* Supply disruptions in Kenya, Uganda and Ivory Coast weighed
* Ivory Coast infrastructure constraints to linger until year end
* Retail margins lower in Morocco, Vivo's biggest market
* Global oil price increase put pressure on profits (Adds comments from CEO, CFO)
By Julia Payne and Shariq Khan
LONDON, Oct 25 (Reuters) - African fuel retailer Vivo Energy is considering expansion into Nigeria and South Africa, its chief executive said, as the firm reported a slight fall in quarterly profits due to supply disruptions and thinner retail margins in Morocco.
Vivo distributes and markets Shell-branded fuels and lubricants across 15 African countries, including Kenya and Morocco, but has no presence in Africa's two biggest economies.
"We're keeping an eye on expansion opportunities in Nigeria and South Africa in particular," Chief Executive Christian Chammas said, without giving more detail.
The company, which debuted on the London Stock Exchange in May, earlier said third-quarter gross cash profit was down 2 percent at $167 million compared with the same period last year but comparing the first nine months, profit was up 4 percent.
High oil prices eroded margins in its biggest retail market Morocco despite the company's efforts to pass on some of the cost to consumers. Short-term supply disruptions in Kenya, Uganda and Ivory Coast also weighed on the results.
Chammas said, however, that this month's steep drop in Brent oil futures will provide a boost for year end, adding that pipeline outages in Kenya and Uganda had been resolved.
Vivo said total retail volumes grew just 1 percent in the quarter. Overall Q3 volumes grew to 2,323 million litres, up 2 percent from the last year. It said it expected growth of 4 percent for the full year.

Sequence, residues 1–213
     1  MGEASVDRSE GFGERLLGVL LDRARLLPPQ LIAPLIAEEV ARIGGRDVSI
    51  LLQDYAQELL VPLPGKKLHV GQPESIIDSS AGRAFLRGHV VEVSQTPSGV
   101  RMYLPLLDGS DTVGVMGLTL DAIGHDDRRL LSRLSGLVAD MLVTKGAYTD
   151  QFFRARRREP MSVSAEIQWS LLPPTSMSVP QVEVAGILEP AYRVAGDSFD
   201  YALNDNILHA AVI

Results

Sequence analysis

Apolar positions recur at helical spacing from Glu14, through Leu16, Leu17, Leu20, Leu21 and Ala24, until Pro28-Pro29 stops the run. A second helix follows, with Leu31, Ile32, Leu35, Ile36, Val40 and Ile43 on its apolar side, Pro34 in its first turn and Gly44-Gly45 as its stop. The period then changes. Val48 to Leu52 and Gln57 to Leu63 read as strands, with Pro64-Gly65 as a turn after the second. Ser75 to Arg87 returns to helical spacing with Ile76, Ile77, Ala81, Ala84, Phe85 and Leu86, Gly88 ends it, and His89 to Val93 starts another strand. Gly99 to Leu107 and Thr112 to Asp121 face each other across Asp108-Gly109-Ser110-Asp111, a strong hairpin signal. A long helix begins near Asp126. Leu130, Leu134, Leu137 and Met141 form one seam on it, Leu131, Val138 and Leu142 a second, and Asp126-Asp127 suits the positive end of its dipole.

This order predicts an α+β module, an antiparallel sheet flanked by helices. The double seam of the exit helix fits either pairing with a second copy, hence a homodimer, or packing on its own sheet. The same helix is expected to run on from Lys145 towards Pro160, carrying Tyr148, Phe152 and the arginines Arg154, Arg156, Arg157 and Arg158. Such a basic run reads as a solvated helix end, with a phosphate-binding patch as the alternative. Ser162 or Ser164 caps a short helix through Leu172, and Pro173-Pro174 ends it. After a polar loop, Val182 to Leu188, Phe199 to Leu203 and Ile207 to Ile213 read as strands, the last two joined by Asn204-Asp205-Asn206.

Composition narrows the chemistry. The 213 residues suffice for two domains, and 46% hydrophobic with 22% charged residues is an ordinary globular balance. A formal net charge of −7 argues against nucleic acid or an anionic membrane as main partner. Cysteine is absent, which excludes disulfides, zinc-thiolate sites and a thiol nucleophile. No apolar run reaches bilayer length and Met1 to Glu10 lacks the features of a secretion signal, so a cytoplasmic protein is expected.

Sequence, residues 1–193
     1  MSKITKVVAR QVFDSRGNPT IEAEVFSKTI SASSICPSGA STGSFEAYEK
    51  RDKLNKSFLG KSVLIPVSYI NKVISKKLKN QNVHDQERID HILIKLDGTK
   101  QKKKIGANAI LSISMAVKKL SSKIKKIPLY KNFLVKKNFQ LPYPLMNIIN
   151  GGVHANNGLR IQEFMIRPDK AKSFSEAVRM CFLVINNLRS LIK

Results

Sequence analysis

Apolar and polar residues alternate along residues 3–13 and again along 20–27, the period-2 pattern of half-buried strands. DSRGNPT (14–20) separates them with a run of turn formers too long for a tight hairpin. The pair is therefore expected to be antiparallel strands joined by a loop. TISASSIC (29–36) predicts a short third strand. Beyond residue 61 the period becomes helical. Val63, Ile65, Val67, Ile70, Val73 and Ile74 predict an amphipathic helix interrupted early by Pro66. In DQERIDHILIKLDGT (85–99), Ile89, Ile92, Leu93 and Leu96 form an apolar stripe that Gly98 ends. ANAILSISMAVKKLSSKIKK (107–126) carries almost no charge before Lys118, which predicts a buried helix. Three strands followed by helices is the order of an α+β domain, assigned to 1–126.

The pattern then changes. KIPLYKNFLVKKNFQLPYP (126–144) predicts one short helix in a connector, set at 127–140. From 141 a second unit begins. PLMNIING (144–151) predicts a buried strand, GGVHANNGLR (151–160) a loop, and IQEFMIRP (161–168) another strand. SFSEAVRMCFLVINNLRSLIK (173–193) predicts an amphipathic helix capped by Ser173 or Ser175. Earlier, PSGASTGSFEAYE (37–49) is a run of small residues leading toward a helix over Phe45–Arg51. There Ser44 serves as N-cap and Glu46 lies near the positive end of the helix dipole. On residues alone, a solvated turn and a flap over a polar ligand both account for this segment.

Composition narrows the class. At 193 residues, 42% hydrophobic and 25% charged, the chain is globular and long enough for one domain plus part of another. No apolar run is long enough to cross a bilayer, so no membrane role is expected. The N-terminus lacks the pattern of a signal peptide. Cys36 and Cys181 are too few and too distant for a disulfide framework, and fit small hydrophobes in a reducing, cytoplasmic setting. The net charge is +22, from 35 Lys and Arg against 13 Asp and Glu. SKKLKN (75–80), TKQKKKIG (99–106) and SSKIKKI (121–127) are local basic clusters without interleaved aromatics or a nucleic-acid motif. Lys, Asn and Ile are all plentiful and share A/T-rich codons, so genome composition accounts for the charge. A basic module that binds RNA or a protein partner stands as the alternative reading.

"Growth is still being delivered and the Engen deal is a very positive element that will bring growth next year. We expect to deliver higher retail margins," Chammas said.
He was referring to Vivo's purchase of a network of service stations from South Africa's Engen in a deal that will complete in March next year.
Vivo's share price was down $1.5 percent at 114 pence at 1020 GMT.
The company, which was created in 2011 by a partnership between energy trader Vitol Group and Africa-focused private equity firm Helios Investment, expects to exceed its earlier target of opening 80 retail stations across its existing 15 African markets this year.
"The price of the (crude oil) barrel is above us but the continent's growth is so strong that it's auto-hedged," Chammas said
Chief financial officer Johan Depraetere added that African currencies have so far held up unlike emerging market Turkey's lira which has lost a third of its value against the U.S. dollar this year.
In Ivory Coast, supply issues were expected to persist until year end. A fire hit the country's refinery earlier this year and an import jetty was damaged, which has slowed fuel imports. (Additional reporting by Arathy S Nair in Bengaluru; Editing by Amrutha Gayathri and Emelia Sithole-Matarise)